Sim­phiwe Dana’s ROWDY CHURCH

CityPress - - News - CHARL BLIGNAUT charl.blignaut@city­press.co.za

As 8 o’clock struck and I set­tled into my seat at The Lyric theatre at Gold Reef City last Fri­day night, burn­ing with an­tic­i­pa­tion for soul star Sim­phiwe Dana’s an­nual con­cert to get started, the wo­man next to me took a phone call. “Oh right,” she said over the line to friends. “You’re leav­ing Midrand now. Great ... See you soon.”

My eyes widened and con­tin­ued to stay wide un­til all the guests had ar­rived. This was at about 9.30pm. And they did so loudly, laugh­ing and talk­ing, tak­ing pho­tos us­ing their flashes, row­dily dis­rupt­ing the be­sot­ted fans stand­ing up front film­ing the en­tire con­cert on their phones.

Sim­phiwe Dana has “fans”, peo­ple. The Kaya FM and Bassline crowd didn’t care it was a theatre. They treated it like a noisy bar. Dana is a big­ger per­son than me be­cause she loved it. She com­pares the event to per­form­ing in church and the spirit took the crowd, who spent a big part of the con­cert on their feet.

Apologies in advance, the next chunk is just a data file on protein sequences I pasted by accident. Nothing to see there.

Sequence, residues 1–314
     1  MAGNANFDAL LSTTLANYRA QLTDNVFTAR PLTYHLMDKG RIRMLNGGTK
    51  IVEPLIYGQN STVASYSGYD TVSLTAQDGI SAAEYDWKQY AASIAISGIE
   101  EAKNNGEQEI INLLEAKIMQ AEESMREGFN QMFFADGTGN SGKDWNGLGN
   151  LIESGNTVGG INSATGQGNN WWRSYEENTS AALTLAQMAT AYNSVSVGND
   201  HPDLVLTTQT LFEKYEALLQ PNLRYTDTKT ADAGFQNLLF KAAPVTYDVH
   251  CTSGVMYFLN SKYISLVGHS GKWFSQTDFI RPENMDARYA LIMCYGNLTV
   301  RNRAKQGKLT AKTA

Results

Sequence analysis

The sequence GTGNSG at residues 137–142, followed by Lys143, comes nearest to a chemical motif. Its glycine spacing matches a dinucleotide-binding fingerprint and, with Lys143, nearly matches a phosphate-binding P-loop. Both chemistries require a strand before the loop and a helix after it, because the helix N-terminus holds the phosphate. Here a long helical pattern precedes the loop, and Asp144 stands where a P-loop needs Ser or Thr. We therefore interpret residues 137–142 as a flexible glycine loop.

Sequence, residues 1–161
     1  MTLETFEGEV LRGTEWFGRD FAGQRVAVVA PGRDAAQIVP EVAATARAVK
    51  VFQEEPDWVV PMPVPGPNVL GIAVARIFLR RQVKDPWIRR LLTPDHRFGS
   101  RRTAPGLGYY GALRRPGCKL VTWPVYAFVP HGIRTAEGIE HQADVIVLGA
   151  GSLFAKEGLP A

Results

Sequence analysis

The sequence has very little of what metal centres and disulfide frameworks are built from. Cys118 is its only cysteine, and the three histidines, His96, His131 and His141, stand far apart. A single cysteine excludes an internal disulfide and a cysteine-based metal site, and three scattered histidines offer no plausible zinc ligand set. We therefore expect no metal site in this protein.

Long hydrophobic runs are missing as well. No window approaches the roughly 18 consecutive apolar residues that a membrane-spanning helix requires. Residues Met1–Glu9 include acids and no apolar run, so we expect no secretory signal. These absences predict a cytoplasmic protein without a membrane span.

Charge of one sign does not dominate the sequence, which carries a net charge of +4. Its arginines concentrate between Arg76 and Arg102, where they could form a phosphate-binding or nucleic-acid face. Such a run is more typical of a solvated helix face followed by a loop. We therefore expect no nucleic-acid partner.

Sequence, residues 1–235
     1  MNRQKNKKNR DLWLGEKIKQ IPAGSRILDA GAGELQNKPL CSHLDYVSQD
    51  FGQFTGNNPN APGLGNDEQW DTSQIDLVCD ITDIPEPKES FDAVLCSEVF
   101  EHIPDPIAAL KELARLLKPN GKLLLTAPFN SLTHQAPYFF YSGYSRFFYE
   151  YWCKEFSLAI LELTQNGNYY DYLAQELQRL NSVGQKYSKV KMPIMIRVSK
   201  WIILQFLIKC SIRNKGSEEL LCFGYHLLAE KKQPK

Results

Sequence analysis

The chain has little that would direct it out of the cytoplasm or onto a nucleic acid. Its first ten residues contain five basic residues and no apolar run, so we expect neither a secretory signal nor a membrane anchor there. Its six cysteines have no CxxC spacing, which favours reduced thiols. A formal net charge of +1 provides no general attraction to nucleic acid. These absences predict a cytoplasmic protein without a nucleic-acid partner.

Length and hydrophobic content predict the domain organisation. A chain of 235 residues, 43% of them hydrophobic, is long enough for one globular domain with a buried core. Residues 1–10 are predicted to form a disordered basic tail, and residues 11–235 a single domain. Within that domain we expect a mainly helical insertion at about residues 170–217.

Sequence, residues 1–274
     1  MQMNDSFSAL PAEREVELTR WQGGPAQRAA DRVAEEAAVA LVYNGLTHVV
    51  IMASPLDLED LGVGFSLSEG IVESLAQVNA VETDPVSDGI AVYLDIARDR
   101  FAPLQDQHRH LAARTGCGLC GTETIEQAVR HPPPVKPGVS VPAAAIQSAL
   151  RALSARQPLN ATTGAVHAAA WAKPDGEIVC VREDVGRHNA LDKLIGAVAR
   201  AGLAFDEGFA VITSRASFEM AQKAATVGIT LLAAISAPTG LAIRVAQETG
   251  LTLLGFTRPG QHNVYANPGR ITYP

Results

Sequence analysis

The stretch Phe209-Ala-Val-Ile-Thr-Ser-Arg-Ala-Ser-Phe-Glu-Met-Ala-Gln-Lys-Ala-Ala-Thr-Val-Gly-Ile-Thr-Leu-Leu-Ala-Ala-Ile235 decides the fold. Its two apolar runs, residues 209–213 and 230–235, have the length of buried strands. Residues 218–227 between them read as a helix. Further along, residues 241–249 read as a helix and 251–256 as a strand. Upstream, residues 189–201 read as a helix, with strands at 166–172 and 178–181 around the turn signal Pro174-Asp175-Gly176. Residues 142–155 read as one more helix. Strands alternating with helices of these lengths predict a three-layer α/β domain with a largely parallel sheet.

It was a whole new Dana up on stage with her ex­quis­ite and jazzy band. She held us in thrall for hours, open­ing with the prayer-like Thina Sizwe, her voice on an­other level and her look re­vamped. Dana has been hav­ing beauty treat­ment and her David Tlale frock was as stylish as it was re­veal­ing. We got served up all the great­est hits to start with. Zan­dis­ile brought the house down and Mayine had au­di­ence mem­bers in tears. The sec­ond half saw her chan­nel the spir­its of marabi, reach­ing a pow­er­ful high note with her ver­sion of Mead­ow­lands. Smil­ing with joy, she al­lowed fans on to stage to per­form tra­di­tional dances be­fore mov­ing into sear­ing Pan-African themes and a grand fi­nale.

“That’s it, your money’s up,” she said three hours later, ex­hausted and hav­ing given it her all – as the last late ar­rivals trick­led in.

SPIRIT LYRICS Sim­phiwe Dana’s pow­er­ful per­for­mance at The Lyric theatre chan­nelled soul­ful jazz and marabi groove, and left her au­di­ence in tears WHISKEY

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